View Comments Tony Shalhoub is going from multiple costume (and character) changes and climbing up and down a revolving staircase in Act One to a far less physically demanding role. The Tony nominee stopped by Late Night on June 12 to share with Seth Meyers his upcoming stage venture: Samuel Beckett’s Happy Days opposite his wife, Brooke Adams. Shalhoub explained that in the play, “She’s buried in a mound up to her waist in the first act and up to her neck in the second act. I’m her husband and I’m just basically behind the mound lying down. Every once in a while I pop my head up and say a couple of words.” Beckett’s not exactly light material, but at least it’ll be easier on your legs, Mr. Shalhoub! What other projects does the actor have in the works? The voice of the rat Splinter in the upcoming Teenage Mutant Ninja Turtles film…Check out clips from the interview below! Star Files Act One Show Closed This production ended its run on June 14, 2014 Related Shows Tony Shalhoub
Berlin, VT : Blue Cross and Blue Shield of Vermont (BCBSVT) announced recently that Ingrid Temer has been promoted to Senior Account Manager in the Sales and Service Department.Temer will assume additional responsibilities for advancing client-centric projects and initiatives that increase employer satisfaction with the health plan’s products and services. As the department’s Senior Account Manager, Temer will also serve a pivotal role as a resource for other account managers and sales and service representatives.Temer continues to fulfill her account management duties with key accounts such as University of Vermont, City of Burlington, Norwich University and Rock of Ages Corp. Temer joined Blue Cross and Blue Shield of Vermont in 2004, bringing account management experience to BCBSVT from national health insurance carriers. Temer has earned the respect and admiration of co-workers, clients and consultants with her professional attitude and demonstrated commitment to advancing positive change.Temer is participating in the 2007 Leadership Champlain program, a community-service initiative which attracts civic and business leaders in Chittenden County. Temer is the first Blue Cross and Blue Shield of Vermont employee to be nominated to this highly regarded program. Temer also serves on the Diversity Committee at BCBSVT and the Community and Outreach Committee of the Community Health Center of Burlington.Temer, her husband and two children reside in Burlington, Vermont.Blue Cross and Blue Shield of Vermont is the state’s oldest and largest private health insurer, providing coverage for about 180,000 Vermonters at its headquarters in Berlin and has offered group and individual health plans to Vermonters for more than 60 years. More information about Blue Cross and Blue Shield of Vermont is available at www.bcbsvt.com(link is external) Blue Cross and Blue Shield of Vermont is an independent corporation operating under a license with the Blue Cross and Blue Shield Association, an association of independent Blue Cross and Blue Shield Plans.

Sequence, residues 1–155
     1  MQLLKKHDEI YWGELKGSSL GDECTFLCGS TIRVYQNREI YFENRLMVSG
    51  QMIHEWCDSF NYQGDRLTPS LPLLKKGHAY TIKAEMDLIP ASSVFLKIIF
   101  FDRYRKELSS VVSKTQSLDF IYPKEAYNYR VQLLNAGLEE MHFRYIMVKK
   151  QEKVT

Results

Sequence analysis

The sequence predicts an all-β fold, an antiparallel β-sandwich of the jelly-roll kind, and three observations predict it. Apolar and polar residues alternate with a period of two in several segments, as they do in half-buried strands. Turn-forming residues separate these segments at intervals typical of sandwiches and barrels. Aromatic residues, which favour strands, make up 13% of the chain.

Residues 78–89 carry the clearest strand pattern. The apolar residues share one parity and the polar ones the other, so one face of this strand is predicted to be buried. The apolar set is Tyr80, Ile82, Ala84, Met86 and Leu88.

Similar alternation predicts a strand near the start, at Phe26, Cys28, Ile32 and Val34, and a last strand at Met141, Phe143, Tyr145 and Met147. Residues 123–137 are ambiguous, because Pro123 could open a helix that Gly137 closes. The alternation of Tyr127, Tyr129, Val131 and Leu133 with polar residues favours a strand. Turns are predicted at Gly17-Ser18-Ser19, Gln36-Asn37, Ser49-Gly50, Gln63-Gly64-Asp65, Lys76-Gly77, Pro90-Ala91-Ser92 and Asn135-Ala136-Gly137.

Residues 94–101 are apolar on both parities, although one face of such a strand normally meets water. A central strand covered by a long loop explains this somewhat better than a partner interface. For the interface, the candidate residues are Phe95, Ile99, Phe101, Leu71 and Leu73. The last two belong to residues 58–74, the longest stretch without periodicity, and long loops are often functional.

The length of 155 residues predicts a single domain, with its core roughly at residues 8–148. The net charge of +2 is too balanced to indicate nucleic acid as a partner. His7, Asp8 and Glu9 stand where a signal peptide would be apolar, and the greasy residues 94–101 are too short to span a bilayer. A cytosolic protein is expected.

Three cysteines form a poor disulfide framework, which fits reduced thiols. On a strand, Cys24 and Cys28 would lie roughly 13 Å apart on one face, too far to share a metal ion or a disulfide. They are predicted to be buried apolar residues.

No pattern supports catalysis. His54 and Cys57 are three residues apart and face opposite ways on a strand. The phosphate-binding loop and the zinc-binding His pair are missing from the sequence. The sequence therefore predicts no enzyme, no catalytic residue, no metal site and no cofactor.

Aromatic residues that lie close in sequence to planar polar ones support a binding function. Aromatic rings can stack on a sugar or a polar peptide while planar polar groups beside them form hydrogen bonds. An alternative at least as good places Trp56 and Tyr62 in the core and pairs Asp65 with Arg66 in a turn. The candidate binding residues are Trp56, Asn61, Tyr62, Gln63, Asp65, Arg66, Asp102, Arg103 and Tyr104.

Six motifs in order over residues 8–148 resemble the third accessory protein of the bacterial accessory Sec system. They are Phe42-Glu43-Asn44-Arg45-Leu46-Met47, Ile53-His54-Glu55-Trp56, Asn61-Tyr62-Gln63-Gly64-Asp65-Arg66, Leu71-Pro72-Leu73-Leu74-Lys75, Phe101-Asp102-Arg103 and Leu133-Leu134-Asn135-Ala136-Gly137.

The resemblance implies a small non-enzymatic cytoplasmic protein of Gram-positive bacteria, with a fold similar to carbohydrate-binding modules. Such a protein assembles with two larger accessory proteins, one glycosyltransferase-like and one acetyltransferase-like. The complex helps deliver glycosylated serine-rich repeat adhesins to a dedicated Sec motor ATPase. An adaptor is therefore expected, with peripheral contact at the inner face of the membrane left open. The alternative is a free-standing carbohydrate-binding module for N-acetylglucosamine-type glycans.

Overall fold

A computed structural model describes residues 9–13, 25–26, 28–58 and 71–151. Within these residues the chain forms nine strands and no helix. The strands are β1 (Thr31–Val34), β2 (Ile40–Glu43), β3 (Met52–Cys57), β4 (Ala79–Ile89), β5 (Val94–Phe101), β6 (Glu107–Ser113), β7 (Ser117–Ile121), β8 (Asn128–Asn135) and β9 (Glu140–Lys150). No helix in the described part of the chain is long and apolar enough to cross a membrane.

42SHARESShareShareSharePrintMailGooglePinterestDiggRedditStumbleuponDeliciousBufferTumblr In 1959, Arthur Samuel defined machine learning as a “field of study that gives computers the ability to learn without being explicitly programmed.” No, wait – Did I just type “1959?” Yes, true!Machine learning, which is a branch of artificial intelligence (AI), has been around a while, but the technology has made enormous strides since 1959. The ability to learn without explicitly being programmed sounds like a mantra taken from a child-rearing manual from the 1950s. However, this concept has even greater potential today when we apply the technology to fraud prevention.Machine learning will still require the presence of humans to calibrate and confirm fraud, and to assist the model in learning from historical data. But the promise of a faster and more accurate solution for fraud prevention has CO-OP very excited about the possibilities – which is why our company is becoming an early adopter of this technology. continue reading »